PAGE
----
Indiana lacks statutes within the juvenile code that give a clear roadmap for the juvenile court about how to determine if a juvenile is competent to stand trial and what measures should be taken if the child is found to be incompetent. We need leadership in the legislature and amongst juvenile advocates and providers to address this issue of juvenile competence.
Normally, if the juvenile code does not give guidance, IC 31-32-1-1 directs participants to next look to the criminal code. However, that leads to a dead end of sorts. Pursuant to In re R.L.H., 831 N.E.2d 250 (Ind.Ct.App. 2005), the juvenile court erred in using the criminal law competency statutes at IC 35-36-3, and were directed to the mental health commitment procedures at IC 12-26-8. In addition, the juvenile court may not commit a child to the Indiana Division of Mental Health by applying the criminal law competency statutes, pursuant to In re K.G., 808 N.E.2d 631 (Ind. 2004). Therefore, the juvenile court cannot evaluate for competency and order restorative treatment in the same manner as the criminal court may with a defendant.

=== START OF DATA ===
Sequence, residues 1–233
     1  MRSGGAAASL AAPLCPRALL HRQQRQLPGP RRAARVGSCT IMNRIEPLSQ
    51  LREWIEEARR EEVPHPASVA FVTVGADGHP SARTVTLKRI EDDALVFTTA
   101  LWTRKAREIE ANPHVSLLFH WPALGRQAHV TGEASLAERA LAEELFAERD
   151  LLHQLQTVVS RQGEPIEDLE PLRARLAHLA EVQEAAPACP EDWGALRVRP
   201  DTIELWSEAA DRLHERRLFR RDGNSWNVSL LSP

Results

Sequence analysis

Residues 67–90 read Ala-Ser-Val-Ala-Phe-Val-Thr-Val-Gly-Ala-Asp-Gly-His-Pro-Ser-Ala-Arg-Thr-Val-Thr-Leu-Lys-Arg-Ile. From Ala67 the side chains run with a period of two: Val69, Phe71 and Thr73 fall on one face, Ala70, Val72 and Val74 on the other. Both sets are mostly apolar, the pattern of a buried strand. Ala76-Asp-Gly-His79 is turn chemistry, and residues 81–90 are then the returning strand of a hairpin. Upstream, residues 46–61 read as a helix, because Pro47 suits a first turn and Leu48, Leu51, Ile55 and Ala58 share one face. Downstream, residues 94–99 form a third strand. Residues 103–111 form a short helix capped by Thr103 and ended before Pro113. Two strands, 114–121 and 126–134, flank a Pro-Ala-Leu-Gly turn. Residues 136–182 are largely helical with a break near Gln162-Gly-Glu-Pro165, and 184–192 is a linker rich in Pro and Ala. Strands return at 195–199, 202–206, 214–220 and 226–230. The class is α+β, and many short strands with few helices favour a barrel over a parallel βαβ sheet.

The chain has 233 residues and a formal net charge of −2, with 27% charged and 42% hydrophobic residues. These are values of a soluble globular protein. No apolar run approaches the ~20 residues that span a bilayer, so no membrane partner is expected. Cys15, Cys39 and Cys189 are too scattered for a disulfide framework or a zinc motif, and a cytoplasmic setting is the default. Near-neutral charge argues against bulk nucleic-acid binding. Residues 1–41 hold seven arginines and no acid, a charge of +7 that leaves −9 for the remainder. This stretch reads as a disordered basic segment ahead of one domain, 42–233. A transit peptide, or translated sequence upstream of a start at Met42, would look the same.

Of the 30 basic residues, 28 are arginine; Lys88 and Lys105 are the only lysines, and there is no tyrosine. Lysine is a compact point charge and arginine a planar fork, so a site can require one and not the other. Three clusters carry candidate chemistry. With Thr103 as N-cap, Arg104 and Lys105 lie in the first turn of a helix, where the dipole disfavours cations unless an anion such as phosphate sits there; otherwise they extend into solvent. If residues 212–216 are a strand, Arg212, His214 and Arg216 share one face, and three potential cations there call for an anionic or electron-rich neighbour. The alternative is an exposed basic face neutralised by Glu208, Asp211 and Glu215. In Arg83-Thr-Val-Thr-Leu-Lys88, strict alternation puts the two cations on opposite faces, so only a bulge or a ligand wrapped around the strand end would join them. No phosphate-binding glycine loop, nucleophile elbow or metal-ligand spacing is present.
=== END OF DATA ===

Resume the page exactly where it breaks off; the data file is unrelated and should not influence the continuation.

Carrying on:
A Webinar When Youth are Not Competent to Stand Trial gives an overview of the issue in general.
To aid in developing legislation, Models for Change has issued a Developing Statutes for Competence to Stand Trial in Juvenile Delinquency Proceedings: A Guide for Lawmakers, which are summarized in the National Juvenile Justice Network Competency to Stand Trial in Juvenile Court: Recommendations for Policymakers.
The following are not free on the Internet, but see also Clinical Evaluations for Juveniles’ Competence to Stand Trial: A Guide for Legal Professionals and Evaluating Juveniles’ Adjudicative Competence: A Guide for Clinical Practice by Thomas Grisso. The links go to Amazon, but the books are available from other sources too.